Yes, this kind of thing has been slowly driving me crazy. That and the phrasing of intransitive verbs as “to be…” like 壊れる as “to be broken”.

It’s not that the glass I was holding was broken or got broken (I mean grammatically); it’s that it broke. I don’t know how it broke but it did.


I’ll copy over something that I posted earlier today in response to an earlier post regarding transitivity:

Something that may help your intuitions re: transitive verbs is to look at the Japanese words for transitive (他動詞 - other move part of speech) and intransitive (自動詞 - self move part of speech). So a verb is serving a transitive function if the subject is “moving” something else, and it’s intransitive if the subject moves itself. So to expound upon my above example, the statement 「食べた」can be transitive OR intransitive depending on what you’re responding to.

For example, if you respond to 「あなたはお菓子をたべたか」(Did you eat the sweets?) then お菓子 is the implied direct object in your response 「たべた」(I ate (the sweets)) – you’ve ‘moved’ the sweets even though you don’t explicitly refer to them. To the simpler 「あなたはたべたか」, I believe that 「たべた」(I ate) serves an intransitive function because in this case you’re simply ‘moving’ yourself and there is no direct object.

As you can see above, some words can be transitive or intransitive depending on context. However there are some transitivity pairs that occur in which one half of the pair is always transitive and the other half is always negative. The only steadfast rules are that ーす and ーせる verbs are always transitive (and thus its counterpart, if it has one, is always intransitive regardless of ending) and ーある verbs (not to be confused with ーる verbs) are intransitive. Ultimately the distinction isn’t super important until you start producing the language as transitivity is usually very apparent in-context; and by the point where you’re actively producing Japanese you’ll hopefully have enough experience that you can intuitively use the right verb or you’ll get feedback on it until you do.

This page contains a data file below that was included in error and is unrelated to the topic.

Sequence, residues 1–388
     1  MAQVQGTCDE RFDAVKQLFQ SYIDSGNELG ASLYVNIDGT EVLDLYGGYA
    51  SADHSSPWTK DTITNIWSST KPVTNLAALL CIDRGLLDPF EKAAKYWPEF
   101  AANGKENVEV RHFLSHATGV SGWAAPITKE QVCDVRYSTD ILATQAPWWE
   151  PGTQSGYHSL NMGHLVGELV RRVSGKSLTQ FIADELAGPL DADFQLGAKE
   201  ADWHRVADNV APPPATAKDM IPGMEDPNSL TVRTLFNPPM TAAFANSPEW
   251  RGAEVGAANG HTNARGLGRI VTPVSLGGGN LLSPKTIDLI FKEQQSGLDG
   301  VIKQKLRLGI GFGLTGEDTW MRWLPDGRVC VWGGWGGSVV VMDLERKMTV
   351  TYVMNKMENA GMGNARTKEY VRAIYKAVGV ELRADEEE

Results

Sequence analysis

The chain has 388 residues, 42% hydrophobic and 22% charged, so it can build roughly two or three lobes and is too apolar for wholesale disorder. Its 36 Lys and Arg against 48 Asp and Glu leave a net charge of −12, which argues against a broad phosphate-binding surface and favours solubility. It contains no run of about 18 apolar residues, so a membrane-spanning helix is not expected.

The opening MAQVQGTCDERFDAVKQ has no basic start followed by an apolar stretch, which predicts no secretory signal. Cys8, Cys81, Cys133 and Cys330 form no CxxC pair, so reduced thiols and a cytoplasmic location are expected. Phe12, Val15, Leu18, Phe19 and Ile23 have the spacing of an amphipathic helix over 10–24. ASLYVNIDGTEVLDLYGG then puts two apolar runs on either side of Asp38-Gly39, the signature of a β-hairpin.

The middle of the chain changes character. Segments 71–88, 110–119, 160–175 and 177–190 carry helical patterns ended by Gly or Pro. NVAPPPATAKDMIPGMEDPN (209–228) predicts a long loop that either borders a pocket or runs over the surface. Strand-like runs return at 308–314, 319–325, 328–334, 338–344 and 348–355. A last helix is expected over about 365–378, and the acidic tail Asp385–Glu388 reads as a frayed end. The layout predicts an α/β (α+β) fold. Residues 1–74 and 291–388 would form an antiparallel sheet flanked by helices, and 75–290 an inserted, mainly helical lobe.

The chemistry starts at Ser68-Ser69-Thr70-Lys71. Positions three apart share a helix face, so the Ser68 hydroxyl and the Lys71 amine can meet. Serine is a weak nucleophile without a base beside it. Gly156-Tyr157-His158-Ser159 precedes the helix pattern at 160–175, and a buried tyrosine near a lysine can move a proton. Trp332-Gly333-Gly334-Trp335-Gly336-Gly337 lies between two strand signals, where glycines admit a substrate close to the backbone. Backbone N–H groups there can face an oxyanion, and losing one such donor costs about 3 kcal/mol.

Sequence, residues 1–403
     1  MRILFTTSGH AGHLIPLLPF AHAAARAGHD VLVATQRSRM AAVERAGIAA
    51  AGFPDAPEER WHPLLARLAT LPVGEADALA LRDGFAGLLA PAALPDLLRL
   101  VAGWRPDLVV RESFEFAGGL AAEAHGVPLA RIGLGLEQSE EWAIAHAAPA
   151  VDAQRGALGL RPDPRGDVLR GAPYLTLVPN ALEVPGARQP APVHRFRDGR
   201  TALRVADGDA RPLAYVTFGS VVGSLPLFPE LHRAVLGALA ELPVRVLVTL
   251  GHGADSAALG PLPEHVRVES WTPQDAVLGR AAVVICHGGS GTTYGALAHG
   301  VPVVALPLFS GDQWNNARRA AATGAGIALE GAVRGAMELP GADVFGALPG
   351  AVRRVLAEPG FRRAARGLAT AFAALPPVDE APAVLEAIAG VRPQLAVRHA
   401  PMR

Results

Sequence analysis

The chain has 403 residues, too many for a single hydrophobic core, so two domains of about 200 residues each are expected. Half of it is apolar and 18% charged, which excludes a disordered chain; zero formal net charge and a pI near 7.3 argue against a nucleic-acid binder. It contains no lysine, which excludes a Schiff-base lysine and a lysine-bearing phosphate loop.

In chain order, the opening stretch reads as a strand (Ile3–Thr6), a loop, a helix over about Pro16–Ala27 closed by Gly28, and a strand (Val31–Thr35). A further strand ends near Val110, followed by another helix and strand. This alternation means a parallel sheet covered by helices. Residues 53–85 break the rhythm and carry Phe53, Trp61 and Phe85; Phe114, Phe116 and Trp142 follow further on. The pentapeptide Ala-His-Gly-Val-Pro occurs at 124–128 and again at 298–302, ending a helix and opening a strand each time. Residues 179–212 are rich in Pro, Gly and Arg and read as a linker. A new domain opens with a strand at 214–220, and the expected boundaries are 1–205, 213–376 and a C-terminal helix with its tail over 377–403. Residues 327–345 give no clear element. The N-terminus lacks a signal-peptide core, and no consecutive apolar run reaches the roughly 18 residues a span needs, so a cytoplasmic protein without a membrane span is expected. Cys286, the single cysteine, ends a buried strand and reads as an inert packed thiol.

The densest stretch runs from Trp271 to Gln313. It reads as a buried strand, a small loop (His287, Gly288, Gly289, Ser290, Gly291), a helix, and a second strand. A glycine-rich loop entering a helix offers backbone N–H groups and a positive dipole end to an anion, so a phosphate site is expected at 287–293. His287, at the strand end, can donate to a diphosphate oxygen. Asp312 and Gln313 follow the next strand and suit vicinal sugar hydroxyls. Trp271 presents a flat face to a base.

You may be right, but I think 食べる happens to be a confusing example to explain the concept, because you always eat something. Even in the intransitive case, there had to be a thing you ate even though it’s not important.

I think that’s the case for any verb that can double as transitive or intransitive, at least for the examples I can think of off the top of my head. I ate sweets // I ate; I sing a song // I sing; I drove my car // I drove; I am baking a cake // I am baking; etc.

I’d also argue that in the intransitive case there is no direct object even in the case of a word like 食べる. It’s true that you always have to have eaten (or sung, drove, baked, etc) something, but syntactically the を-statement is null. So another way to think about it is that the intransitive indicates a state of being while the transitive indicates a state of doing.

Edit: It just occurred to me that that last observation might be related to the fact that all verbs ending in ある (to exist) are intransitive . . . though I guess that doesn’t explain why verbs ending in いる aren’t. I can come up with reasons as for why いる verbs aren’t intransitive (have to do with いる referring to animate objects), but I won’t go down the rabbit hole of wild theories.

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It’s worth correcting here that instransitive doesn’t mean nobody does it. This is proved through simple intransitive verbs such as “he sat” or “he gets up” where in both cases somebody is doing the action. Intransitive simply means that the verb is not done to something else.


My advice in this case is that you do need to learn them because it’s part of Japanese, so best not to ignore them.

I do agree that WK doesn’t do a great job of explaining or defining (especially) the intransitive verbs. (The transitive ones are usually fine).

But feel free to add synonyms and notes that make the meaning clearer. Like in my complaint above, I added “to break” as a meaning for 壊れる.

Uh, no. Transitive and intransitive pairs are different verbs, not conjugations of the same verb. It’s vitally important to remember the distinction between them.

The only complication is that English tends to use the same word for both, but they do exist in English too.